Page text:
Lithium Australia subsidiary VSPC advances process technology for LFP cathode material

VSPC Ltd – Very Small Particle Co. Ltd., Brisbane, Australia, is a 100% owned subsidiary of Lithium Australia NL, West Perth, Australia, (‘the Company’). In October 2019, at its Brisbane research and development facility, VSPC initiated a project to develop low-cost raw material options for its proprietary process for cathode material synthesis. The project is being co-funded by the Australian Manufacturing Growth Centre (‘AMGC’), a not-for profit organization established by the Australian federal government to support the development of world-leading advanced manufacturing in Australia.

Project objectives include the following.

 Demonstrate the technical feasibility of producing advanced LFP cathode material via an optimised process that, significantly, requires less chemical reagents (the process has been dubbed ‘VSPC-RC’, where ‘RC’ is an acronym for ‘reduced cost’).

 Evaluate the techno-economic feasibility of LFP synthesis using lower-cost raw materials such as iron sulphate, iron oxides and LP from several sources, among them:

 the Company’s patented SiLeach® process (which targets lepidolite);

 the Company’s LieNA® process (which targets fine and/or low-grade spodumene), and

 mixed metal dust (‘MMD’) derived from spent lithium-ion batteries (‘LIBs’) by Company subsidiary Envirostream Australia Pty Ltd, a mixedbattery recycling entity located in Melbourne, Victoria.


With stage 2 of the project now complete, VSPC is pleased to report the following.

 The VSPC-RC process was operated at laboratory and pilot scale to produce advanced LFP cathode material via a simplified process operation and with consumption of chemical reagents significantly reduced.

 Such process refinements could reduce reagent costs by 15-20%, depending on project location, which is significant given that prices for chemical reagents account for more than half the total costs of manufacturing LFP cathode material.

 A further 5-10% reduction in chemical costs was achieved by manufacturing iron oxalate (normally a major reagent cost) from base chemical reagents that included iron sulphate and iron oxide materials.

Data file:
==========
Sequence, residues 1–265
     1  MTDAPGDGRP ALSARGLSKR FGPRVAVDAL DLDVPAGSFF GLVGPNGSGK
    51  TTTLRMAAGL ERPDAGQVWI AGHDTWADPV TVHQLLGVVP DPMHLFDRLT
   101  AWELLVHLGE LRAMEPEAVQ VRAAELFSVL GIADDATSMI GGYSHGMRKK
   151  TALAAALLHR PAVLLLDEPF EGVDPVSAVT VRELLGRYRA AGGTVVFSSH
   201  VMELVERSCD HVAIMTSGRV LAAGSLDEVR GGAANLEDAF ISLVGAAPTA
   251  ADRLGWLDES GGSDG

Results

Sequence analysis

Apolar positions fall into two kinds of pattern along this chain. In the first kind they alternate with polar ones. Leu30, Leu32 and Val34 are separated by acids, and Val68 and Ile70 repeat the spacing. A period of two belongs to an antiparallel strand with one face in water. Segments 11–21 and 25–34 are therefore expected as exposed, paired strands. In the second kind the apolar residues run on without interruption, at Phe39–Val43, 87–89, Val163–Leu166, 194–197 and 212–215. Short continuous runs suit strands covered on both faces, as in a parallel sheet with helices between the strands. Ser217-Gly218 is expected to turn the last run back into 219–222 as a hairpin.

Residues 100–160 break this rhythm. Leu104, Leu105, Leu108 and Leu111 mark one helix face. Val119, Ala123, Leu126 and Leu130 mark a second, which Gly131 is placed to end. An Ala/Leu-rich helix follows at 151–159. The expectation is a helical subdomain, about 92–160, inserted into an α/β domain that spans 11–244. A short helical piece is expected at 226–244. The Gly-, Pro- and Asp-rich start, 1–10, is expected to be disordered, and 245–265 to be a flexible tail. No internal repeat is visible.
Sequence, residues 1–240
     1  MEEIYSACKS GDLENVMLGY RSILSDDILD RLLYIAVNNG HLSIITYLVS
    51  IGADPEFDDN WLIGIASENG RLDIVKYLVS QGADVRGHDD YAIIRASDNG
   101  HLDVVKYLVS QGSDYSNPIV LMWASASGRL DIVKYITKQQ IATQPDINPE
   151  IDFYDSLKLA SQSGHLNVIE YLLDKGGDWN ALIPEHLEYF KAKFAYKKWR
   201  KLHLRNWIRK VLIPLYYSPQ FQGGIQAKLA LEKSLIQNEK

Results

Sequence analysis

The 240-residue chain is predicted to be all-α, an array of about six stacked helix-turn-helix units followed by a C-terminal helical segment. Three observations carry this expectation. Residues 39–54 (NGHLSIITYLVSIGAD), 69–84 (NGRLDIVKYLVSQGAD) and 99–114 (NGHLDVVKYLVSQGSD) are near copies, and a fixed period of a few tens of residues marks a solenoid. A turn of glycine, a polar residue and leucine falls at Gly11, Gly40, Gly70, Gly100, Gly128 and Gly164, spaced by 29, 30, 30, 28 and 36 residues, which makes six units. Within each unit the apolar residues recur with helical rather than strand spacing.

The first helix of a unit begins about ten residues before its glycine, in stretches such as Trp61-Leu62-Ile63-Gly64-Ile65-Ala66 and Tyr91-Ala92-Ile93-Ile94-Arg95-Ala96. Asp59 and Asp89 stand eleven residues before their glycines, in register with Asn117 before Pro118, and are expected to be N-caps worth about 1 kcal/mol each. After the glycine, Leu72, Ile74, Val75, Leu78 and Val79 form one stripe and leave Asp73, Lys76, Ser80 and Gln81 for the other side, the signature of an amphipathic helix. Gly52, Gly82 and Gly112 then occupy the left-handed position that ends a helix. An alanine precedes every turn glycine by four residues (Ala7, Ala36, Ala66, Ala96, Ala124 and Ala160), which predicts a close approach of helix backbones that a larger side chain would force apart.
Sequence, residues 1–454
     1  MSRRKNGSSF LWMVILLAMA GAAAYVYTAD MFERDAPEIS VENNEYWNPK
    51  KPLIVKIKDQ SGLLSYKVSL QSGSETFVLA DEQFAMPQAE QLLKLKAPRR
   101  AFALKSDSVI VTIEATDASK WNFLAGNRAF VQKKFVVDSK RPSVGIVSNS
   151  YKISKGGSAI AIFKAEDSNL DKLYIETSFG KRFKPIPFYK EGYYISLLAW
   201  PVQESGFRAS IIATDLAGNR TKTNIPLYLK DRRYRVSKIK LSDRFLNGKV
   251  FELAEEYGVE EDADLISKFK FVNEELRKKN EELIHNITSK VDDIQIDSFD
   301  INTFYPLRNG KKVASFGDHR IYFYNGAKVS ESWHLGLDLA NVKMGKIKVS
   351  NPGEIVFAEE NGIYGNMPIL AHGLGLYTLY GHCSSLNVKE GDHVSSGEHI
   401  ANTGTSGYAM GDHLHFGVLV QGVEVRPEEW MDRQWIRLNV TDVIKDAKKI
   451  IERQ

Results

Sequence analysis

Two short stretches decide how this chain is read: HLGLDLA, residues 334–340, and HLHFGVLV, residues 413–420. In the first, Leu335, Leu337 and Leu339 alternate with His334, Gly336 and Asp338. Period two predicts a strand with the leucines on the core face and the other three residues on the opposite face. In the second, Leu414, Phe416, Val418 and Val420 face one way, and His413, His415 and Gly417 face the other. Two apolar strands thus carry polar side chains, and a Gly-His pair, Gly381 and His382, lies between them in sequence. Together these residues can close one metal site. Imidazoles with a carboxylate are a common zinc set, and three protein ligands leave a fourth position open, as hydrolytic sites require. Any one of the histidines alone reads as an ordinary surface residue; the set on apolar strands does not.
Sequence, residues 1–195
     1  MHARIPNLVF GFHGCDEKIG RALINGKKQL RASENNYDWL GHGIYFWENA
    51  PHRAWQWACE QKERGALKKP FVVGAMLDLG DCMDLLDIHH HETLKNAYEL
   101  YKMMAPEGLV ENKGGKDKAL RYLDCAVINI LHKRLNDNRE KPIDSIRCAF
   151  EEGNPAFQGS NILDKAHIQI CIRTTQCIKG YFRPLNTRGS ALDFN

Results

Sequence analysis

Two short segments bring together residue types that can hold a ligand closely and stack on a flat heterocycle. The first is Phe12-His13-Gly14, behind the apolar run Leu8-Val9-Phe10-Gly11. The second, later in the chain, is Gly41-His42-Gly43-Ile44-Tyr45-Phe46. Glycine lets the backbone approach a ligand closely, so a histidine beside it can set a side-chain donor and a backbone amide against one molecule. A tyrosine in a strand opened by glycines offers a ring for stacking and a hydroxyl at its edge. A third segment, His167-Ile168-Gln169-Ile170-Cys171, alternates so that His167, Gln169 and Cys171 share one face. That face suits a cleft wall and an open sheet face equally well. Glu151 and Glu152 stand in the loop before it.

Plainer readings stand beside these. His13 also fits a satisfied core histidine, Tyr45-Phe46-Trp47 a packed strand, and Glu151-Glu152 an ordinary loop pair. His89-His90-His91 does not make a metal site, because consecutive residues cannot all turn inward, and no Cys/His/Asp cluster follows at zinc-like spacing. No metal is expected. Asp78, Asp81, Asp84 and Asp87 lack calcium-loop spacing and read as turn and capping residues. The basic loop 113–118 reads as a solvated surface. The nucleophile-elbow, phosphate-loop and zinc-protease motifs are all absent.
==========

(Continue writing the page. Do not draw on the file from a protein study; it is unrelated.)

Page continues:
 The optimised VSPC-RC process was applied to LP from several sources to produce LFP cathode materials (see images below). Those sources included:
– refined LP produced via SiLeach® ;
– LP produced from fine spodumene using LieNA® , and
– refined LP produced using Envirostream MMD as feed.

LFP cathode material produced via the VSPC-RC process. Spherical LFP aggregates surface fabric of aggregate Scale bar 10µm scale bar 100nm

 Importantly, the advanced LFP cathode material VSPC produced demonstrated excellent electrochemical performance (equivalent to or exceeding that of VSPC’s standard LFP material); viz:
– specific capacity = 158 milliampere hours per gram (‘mAh/g’) at a 0.1C discharge rate in coin cells (a 0.1C discharge rate means that the discharge current will discharge the entire battery in ten hours), and
– the physical properties for electrode coating were excellent. Electrochemical discharge curves for the advanced LFP cathode material produced via the VSPC-RC process from SiLeach® -generated LP are shown in the graph below (160 mAhg -1 at 0.1C discharge rate).

Flexible, competitive technology

These results further support the cost-competitiveness of the VSPC-RC process, as well as its flexibility in terms of application to several lithium raw materials, including lithium carbonate, lithium hydroxide and LP.

Indeed, LP offers a direct, efficient route from both mineral and recycled sources to the production of LFP cathode material for the fastest growing sector of the LIB market.

Next steps

Stage 3 of the VSPC project, which has now commenced, encompasses:

 further evaluation of iron oxide raw materials and LFP synthesis at laboratory scale;

 laboratory synthesis of LFP using LP processed from Envirostream MMD, and

 preparations for future work at pilot-plant scale.

Comment from Lithium Australia MD Adrian Griffin
“Using easily available and lower-cost base reagents in the manufacture of LFP can have a profound impact on the price of production. It is imperative that VSPC maximises its competitive advantages in terms of both reagent inputs and physical manufacturing costs. The AMGC grant has been the catalyst in evaluating lower-cost options that may not otherwise have been considered. In many cases, such options are location-specific, so the results of this study may well lead to Australia being seen as a more competitive place for the production of LFP batteries.”

About Lithium Australia
NL Lithium Australia aims to ensure an ethical and sustainable supply of energy metals to the battery industry (enhancing energy security in the process) by creating a circular battery economy. The recycling of old lithium-ion batteries to new is intrinsic to this plan. While rationalising its portfolio of lithium projects/alliances, the Company continues with R&D on its proprietary extraction processes for the conversion of all lithium silicates (including mine waste), and of unused fines from spodumene processing, to lithium chemicals. From those chemicals, Lithium Australia plans to produce advanced components for the battery industry globally, and for stationary energy storage systems within Australia. By uniting resources and innovation, the Company seeks to vertically integrate lithium extraction, processing and recycling.

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